Sunday, December 10, 2017

2017 Holiday Gift Ideas

Gifts for cooks and future cooks!

For you Late Shoppers
Sorry my annual gift ideas is so late. You've probably done most of your shopping by now, especially for Chanukah, but better late than never.

Most Popular and Useful
So the number one gift everyone seems to be buying is an Instant Pot. I can't recommend any gift more than this one. I've bought one for everyone who wants one and even for some who thought they didn't. It will simply revolutionize the way you cook. From dorm rooms to the fanciest kitchens, there is simply no better gift for the beginning or experienced cook!

I highly recommend the 6 Quart 7-in-1 Instant Pot Pressure Cooker.

They have a smaller 3-quart one which I think is fairly useless. I own a 6 quart and an 8 quart but I think the 6 quart is the best size for most people. 

A great gift for someone who already has an instant pot is a glass lid for the pot. I use this when I'm using the IP as a slow cooker or to make yogurt. This allows you to see what you are cooking when the pressure cooker lid is not required.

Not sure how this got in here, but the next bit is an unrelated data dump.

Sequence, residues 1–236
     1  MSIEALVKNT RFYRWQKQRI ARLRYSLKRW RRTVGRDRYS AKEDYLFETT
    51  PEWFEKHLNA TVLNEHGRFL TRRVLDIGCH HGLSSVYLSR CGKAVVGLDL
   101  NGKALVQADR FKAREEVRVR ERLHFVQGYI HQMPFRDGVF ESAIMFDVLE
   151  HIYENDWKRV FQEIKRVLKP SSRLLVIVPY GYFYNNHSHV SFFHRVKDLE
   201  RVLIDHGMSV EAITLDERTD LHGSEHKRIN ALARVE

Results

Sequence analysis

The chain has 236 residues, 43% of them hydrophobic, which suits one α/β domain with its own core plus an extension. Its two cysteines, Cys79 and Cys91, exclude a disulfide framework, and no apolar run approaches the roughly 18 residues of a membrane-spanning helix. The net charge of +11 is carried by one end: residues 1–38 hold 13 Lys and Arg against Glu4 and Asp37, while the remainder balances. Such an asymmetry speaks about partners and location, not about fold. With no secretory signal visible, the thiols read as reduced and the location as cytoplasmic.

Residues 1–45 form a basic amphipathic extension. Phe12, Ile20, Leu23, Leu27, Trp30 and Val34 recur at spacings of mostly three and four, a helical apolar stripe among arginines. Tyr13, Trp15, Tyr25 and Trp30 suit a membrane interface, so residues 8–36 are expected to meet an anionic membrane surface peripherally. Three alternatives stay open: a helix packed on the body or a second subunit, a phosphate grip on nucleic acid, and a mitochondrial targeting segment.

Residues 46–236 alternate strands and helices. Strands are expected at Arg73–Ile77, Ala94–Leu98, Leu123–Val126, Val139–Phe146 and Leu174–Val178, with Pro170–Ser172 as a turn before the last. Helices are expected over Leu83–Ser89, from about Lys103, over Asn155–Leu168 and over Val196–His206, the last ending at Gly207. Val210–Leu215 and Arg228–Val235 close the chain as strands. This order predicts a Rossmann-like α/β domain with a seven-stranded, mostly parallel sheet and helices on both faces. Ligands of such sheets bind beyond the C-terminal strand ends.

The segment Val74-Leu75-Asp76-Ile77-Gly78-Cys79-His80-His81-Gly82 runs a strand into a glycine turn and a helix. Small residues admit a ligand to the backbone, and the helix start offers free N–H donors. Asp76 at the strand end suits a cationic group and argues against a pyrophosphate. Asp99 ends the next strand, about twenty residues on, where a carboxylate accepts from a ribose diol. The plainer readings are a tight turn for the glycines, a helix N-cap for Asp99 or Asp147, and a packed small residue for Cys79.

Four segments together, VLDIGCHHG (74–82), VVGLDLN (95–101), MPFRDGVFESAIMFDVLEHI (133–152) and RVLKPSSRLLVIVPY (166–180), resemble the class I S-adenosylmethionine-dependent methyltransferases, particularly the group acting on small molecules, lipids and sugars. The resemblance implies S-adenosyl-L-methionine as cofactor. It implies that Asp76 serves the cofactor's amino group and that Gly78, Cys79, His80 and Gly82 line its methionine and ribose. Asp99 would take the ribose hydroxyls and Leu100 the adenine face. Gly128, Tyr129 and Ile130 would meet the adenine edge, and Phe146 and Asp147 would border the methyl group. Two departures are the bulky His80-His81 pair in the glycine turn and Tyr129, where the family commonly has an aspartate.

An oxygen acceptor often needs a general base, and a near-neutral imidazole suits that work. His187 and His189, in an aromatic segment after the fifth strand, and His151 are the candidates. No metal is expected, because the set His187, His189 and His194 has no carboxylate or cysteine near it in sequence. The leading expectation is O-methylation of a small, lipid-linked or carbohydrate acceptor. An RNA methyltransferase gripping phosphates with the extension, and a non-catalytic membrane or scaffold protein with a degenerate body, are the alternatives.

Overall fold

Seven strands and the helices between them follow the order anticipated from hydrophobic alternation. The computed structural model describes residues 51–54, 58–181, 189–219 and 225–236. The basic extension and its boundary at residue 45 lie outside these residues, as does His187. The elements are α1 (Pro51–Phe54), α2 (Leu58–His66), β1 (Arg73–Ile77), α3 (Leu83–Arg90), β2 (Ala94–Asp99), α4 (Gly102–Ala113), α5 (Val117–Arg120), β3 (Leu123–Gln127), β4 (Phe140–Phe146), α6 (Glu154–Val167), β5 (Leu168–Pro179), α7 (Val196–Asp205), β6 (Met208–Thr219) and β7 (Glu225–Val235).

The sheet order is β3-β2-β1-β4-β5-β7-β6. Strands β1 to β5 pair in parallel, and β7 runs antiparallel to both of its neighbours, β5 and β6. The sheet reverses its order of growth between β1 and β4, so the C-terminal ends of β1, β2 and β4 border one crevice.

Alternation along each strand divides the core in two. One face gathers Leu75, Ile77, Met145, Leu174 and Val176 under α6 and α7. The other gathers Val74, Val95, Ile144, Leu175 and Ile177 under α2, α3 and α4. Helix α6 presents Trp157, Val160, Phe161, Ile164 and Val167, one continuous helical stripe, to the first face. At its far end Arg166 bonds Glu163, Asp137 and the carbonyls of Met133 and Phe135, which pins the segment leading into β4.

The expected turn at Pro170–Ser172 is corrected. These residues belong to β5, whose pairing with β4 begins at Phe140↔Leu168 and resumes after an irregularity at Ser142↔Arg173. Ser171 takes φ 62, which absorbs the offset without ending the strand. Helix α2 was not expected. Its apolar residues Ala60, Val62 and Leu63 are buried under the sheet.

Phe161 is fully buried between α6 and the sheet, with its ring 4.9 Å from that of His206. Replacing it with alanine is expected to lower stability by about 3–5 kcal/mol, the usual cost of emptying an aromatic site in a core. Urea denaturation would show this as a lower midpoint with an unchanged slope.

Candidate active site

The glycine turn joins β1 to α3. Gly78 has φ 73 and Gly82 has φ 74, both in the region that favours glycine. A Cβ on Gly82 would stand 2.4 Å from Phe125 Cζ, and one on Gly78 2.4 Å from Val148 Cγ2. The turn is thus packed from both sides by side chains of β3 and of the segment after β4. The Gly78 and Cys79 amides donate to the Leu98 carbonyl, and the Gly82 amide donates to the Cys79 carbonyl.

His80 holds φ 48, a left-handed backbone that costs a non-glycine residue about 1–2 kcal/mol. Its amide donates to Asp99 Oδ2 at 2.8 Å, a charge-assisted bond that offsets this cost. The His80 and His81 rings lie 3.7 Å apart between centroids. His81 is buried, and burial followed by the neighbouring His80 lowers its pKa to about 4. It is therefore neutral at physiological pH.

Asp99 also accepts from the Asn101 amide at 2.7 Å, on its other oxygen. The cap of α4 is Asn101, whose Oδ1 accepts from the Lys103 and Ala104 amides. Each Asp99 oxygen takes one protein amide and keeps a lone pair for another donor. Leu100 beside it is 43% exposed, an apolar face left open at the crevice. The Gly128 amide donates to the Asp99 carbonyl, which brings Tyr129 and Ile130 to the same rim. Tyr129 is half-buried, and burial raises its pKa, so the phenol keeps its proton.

The Instant Pot glass lid is extremely useful and makes a great gift.

Instant Pot Cook Books, and more
One of my favorite Pressure Cooker Chefs and Cook Book authors is The Veggie Queen. Check out her books, and DVDs on the Veggie Queen Website. 

Jill Nussinow, "The Veggie Queen" has  numerous books on Pressure Cooker recipes.

The Gift of Caring
This has been a really tough year for lots of folks -from those who have suffered hurricanes to those in California who have lost their homes in the fires. So a great gift would be a donation to a food bank in someone's name. To encourage philanthropy, give a family with kids an amount for them to donate so they can give some thought about those they wish to help. Hurricane and fire relief funds are great too, especially if you know someone in the effected areas.

A gift to a local food bank makes a loving and thoughtful gift.

Shop Local
Go to farmer's markets and holiday fairs and purchase locally made gifts. Or buy gift certificates to local restaurants or mom-and-pop stores. These will delight people with gifts and meals they can select for themselves while feeling good about helping their local community.

More Ideas from Previous Years.
I have dozens and dozens of gift ideas from previous years, so here are some links to those. 

2013 - Great Christmas Gifts for Healthy Cooking.

2014 - Chanukah and Christmas Gift Ideas for Health-Conscious Cooks. Many Gifts Under $20 and $35.